The day we visit, Bill presents Hunt with a contract for a 145-kilowatt array: $376,000, parts and labor. Jordan Energy will bank $25,000 and — not in the contract — pass $2,500 on to Let’s Share the Sun. The panels will crown a building over on the other side of Hunt’s solar-panel sea. There, what looks like another barn is an arena that hosts indoor hockey and lacrosse leagues. Hunt leases the building to a sports-management company.
His restaurateur tenants at Herrick’s Tavern next door will use the power generated by this new system and lower their energy bills. Over Herrick’s cheeseburgers, Hunt tells me Bill is the most honest person he’s met in the solar business, and he’s not going to have his lawyer review the details.
“I don’t believe the guy is lying to me. And there’s a lot of fly-by-nights and a lot of churn in this trade,” he says, glancing across the table at Bill and signing the contract. “I’m trusting him to come through and do as we all agree.”
Hunt’s customers rely on him the same way — especially the small ones. Every Wednesday afternoon, Benedictine nuns from St. Scholastica Priory purchase several gallons of milk for their Fontina cheese. Within hours they hoop four 2-pound wheels or one 8-pound wheel that will age over the next three months, seeking consistency before they test this needed source of income in the marketplace.
The relationship is reciprocal — and what he gets is more valuable, says Hunt, a nondenominational Christian. The nuns prayed for his father, George Senior, when he was suffering with cancer; the older farmer credits the nuns for its remission.
The Jordans may also share in the blessings, because the sisters are now praying for Let’s Share the Sun and its upcoming installation trip to Haiti.
The road to Fontaine
Two days later, early Saturday morning, Bill and I board a plane at JFK for Port-au-Prince with Nancy and the other 13 members of Let’s Share the Sun’s 2015 delegation.
If solar power in the northeastern United States is about smart business and energy independence with a dash of public-policy concern for the planet, then in Haiti it’s about education and healthcare and turning the corner on survival.
Let’s Share the Sun’s mission is to be a catalyst for Haiti’s nascent solar economy. The foundation solicits donations of money and solar panels to build upon the stream of Jordan Energy revenue. But it hires Haitian labor, helps its Haitian partners set up solar-related microbusinesses such as subsidized lantern sales, and encourages the purchase of equipment, batteries and hardware from Haitian merchants.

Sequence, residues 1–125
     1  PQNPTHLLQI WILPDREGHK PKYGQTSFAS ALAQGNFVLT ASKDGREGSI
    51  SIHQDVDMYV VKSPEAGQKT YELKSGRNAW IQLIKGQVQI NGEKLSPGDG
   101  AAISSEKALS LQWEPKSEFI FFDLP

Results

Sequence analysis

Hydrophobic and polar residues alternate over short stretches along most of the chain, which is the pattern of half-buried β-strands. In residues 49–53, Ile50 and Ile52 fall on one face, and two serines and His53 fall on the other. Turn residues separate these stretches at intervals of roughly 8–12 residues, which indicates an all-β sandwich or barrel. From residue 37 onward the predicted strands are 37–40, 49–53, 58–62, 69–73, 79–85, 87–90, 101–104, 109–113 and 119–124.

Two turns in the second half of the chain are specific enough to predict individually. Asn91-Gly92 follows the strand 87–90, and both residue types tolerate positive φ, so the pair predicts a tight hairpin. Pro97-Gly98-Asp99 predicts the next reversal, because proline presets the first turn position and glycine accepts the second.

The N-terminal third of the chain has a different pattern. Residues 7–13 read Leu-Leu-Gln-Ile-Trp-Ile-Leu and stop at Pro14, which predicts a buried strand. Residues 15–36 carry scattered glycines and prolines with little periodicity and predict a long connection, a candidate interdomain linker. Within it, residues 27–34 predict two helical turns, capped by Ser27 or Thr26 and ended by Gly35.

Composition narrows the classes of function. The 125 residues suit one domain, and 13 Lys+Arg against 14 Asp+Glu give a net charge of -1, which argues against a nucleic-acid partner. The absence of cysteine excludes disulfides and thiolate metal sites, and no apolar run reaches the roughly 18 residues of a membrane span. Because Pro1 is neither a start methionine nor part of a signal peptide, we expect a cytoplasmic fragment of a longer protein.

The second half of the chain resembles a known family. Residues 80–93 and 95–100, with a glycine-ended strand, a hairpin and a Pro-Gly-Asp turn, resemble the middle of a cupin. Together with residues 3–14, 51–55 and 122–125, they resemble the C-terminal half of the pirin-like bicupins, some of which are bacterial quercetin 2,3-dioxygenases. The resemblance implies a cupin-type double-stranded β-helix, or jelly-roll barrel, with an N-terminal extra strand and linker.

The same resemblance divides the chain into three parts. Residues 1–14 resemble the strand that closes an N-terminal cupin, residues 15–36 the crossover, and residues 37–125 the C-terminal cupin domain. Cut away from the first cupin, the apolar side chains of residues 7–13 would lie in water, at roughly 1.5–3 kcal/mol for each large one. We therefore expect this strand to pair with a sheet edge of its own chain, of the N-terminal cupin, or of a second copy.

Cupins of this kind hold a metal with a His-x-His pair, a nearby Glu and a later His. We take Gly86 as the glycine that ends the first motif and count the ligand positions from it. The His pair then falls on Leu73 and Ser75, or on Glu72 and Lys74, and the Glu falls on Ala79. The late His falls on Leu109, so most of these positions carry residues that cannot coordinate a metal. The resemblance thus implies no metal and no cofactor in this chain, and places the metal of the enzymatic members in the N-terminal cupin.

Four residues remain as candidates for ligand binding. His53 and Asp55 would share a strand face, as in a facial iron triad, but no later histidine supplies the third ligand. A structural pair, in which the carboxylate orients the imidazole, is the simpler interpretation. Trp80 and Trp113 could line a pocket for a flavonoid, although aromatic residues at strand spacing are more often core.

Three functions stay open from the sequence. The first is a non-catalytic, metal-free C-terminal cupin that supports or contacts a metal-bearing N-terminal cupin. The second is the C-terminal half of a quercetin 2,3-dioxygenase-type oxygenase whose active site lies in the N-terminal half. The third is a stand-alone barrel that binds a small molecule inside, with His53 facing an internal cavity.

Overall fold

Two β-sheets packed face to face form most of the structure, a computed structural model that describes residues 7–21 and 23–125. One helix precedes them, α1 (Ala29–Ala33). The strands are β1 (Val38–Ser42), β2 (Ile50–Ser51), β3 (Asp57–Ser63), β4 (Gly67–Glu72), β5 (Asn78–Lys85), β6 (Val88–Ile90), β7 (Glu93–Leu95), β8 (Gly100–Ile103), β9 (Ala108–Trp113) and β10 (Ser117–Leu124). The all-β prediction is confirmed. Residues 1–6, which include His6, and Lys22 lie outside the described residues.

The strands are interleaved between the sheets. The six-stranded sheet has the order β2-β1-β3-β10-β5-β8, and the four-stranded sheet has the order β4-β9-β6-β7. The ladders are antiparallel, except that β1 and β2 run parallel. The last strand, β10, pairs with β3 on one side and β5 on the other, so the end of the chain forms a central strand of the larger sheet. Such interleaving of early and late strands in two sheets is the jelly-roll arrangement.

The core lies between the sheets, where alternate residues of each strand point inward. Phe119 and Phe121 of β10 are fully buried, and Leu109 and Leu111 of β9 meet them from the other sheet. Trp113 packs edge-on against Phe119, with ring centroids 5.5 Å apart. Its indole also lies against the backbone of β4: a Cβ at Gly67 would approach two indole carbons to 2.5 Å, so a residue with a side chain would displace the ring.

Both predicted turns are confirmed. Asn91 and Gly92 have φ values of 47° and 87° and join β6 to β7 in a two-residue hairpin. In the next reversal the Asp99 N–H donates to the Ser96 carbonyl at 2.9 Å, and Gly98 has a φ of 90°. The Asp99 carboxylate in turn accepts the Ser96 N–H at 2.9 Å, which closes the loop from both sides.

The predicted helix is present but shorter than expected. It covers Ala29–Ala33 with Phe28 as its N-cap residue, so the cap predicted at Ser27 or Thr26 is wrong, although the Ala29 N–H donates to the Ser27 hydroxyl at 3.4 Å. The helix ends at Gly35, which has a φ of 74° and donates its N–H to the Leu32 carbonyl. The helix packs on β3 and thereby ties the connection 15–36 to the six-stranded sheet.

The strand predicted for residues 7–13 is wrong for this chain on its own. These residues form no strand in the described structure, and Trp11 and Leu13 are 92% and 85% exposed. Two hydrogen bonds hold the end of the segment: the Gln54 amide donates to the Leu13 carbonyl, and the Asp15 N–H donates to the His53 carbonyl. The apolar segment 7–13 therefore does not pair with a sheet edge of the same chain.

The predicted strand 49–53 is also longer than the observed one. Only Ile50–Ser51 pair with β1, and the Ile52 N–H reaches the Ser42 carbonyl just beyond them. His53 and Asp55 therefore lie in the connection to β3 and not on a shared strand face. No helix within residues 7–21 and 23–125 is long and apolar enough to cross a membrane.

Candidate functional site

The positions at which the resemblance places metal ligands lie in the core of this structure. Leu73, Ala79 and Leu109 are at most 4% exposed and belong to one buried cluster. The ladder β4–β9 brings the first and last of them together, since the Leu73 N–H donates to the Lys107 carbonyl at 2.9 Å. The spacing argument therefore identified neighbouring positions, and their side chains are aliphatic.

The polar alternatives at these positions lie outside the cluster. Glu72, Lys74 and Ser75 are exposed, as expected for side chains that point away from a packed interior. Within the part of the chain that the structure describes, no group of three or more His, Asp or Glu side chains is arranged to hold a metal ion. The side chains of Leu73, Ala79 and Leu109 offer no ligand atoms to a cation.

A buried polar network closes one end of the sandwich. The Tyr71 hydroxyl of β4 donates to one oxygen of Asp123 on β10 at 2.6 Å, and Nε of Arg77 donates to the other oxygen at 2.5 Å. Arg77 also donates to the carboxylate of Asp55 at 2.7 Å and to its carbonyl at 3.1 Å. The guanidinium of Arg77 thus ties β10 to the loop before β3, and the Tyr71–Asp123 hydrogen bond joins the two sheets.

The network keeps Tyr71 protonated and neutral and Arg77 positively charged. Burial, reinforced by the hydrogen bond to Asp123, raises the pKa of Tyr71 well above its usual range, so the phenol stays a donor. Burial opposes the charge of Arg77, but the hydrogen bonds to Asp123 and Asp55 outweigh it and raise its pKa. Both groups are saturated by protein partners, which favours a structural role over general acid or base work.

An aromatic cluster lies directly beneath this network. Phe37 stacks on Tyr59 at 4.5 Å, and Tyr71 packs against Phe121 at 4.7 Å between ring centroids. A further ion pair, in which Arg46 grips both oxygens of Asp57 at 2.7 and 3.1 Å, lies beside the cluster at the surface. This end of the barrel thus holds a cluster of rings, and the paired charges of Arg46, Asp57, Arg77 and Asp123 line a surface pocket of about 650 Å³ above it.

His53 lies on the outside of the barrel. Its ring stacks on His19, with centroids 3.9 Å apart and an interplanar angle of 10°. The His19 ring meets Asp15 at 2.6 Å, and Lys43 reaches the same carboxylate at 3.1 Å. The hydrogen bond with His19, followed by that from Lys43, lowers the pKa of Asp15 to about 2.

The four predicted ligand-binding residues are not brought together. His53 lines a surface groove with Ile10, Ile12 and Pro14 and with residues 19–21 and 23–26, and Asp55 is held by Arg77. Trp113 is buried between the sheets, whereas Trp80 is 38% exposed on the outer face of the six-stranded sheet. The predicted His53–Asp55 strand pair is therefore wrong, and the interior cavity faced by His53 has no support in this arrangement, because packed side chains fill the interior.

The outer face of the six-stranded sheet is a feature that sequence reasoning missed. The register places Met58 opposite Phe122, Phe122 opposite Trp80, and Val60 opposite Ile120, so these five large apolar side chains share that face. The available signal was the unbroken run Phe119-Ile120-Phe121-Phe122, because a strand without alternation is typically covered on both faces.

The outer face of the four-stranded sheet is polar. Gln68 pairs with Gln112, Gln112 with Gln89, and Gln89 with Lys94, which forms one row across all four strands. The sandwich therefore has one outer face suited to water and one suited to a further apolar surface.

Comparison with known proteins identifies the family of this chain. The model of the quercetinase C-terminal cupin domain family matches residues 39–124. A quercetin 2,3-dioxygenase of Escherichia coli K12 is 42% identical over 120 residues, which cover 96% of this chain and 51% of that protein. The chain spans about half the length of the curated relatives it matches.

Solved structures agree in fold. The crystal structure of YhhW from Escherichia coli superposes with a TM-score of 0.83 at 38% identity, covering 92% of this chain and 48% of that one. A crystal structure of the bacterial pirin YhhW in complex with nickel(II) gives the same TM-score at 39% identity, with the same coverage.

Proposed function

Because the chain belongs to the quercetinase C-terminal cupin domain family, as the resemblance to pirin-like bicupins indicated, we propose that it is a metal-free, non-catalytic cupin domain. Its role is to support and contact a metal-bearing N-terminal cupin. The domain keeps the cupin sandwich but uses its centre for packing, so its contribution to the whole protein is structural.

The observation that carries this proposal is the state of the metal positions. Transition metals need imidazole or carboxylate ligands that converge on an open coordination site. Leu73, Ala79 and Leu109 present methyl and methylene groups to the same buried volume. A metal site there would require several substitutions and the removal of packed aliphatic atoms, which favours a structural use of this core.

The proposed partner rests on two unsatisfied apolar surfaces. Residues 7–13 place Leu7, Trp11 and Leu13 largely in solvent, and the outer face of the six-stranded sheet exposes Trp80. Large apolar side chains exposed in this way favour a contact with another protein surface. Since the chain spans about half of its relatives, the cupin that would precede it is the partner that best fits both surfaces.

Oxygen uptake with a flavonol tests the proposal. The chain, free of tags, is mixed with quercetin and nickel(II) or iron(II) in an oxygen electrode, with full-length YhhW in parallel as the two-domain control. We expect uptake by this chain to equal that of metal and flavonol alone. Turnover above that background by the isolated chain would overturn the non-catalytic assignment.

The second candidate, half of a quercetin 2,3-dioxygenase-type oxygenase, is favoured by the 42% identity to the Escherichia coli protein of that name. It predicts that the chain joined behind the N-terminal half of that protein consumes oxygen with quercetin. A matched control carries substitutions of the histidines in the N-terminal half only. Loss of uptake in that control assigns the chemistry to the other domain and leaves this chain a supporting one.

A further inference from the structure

Nancy tells me a story to illustrate Let’s Share the Sun’s goal of Haitian empowerment. She first met Longuisse Simón when the foundation installed PV panels on the Residence Filariose, home of the Notre Dame Haiti Program’s effort to eradicate lymphatic filariasis from the country. Longuisse had already worked three years for Bill’s friend, Richard Hansen, who had long experience with solar projects in Haiti and other parts of the developing world. There was Hansen up on the residence’s white roof, drinking coffee, watching the Haitians work and offering sage advice — but not once picking up a tool.
The hands-off approach is error-prone, Nancy admits. But it allows Haitians the chance to shape an industry and profit from the ground up. Longuisse has been their electrician of choice ever since Hansen introduced them. He’s led installations and performed maintenance on projects all over Haiti, from a monastery in Plaisance to an orphanage in L’Artibonite. Lately, he’s been mentored by the Jordans’ friend, Ken Oldrid, a ponytailed and positive-thinking electrician from Vermont who works for a residential solar company in Albany.
When Longuisse finally meets us outside Port-au-Prince’s airport after a last-minute equipment run, we pile into a pair of vehicles crammed with luggage and supplies. Most of it — dried food, clothes, medicine, toys and school materials — will find its way into Haitian hands. Students such as Morgan O’Hare from St. Lawrence University and Stanford-bound Nora Kelly, daughter of board member and Notre Dame law professor James Kelly, will lead crafts and teach English to the children who will swarm us tomorrow morning.